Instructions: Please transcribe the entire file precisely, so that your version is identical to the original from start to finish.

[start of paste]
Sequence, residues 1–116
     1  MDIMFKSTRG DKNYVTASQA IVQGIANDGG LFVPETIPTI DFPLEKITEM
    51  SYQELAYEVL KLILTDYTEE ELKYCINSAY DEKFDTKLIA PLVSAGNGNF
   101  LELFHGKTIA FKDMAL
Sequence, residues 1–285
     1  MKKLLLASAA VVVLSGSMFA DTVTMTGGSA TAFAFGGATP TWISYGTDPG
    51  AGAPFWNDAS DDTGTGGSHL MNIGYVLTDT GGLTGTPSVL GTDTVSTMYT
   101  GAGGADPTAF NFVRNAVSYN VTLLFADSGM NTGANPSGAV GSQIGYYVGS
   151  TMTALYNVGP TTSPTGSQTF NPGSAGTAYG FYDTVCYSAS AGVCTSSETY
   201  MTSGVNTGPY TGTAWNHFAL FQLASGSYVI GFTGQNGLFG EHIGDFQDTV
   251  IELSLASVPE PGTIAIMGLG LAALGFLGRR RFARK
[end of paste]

Sequence, residues 1–116
     1  MDIMFKSTRG DKNYVTASQA IVQGIANDGG LFVPETIPTI DFPLEKITEM
    51  SYQELAYEVL KLILTDYTEE ELKYCINSAY DEKFDTKLIA PLVSAGNGNF
   101  LELFHGKTIA FKDMAL
Sequence, residues 1–285
     1  MKKLLLASAA VVVLSGSMFA DTVTMTGGSA TAFAFGGATP TWISYGTDPG
    51  AGAPFWNDAS DDTGTGGSHL MNIGYVLTDT GGLTGTPSVL GTDTVSTMYT
   101  GAGGADPTAF NFVRNAVSYN VTLLFADSGM NTGANPSGAV GSQIGYYVGS
   151  TMTALYNVGP TTSPTGSQTF NPGSAGTAYG FYDTVCYSAS AGVCTSSETY
   201  MTSGVNTGPY TGTAWNHFAL FQLASGSYVI GFTGQNGLFG EHIGDFQDTV
   251  IELSLASVPE PGTIAIMGLG LAALGFLGRR RFARK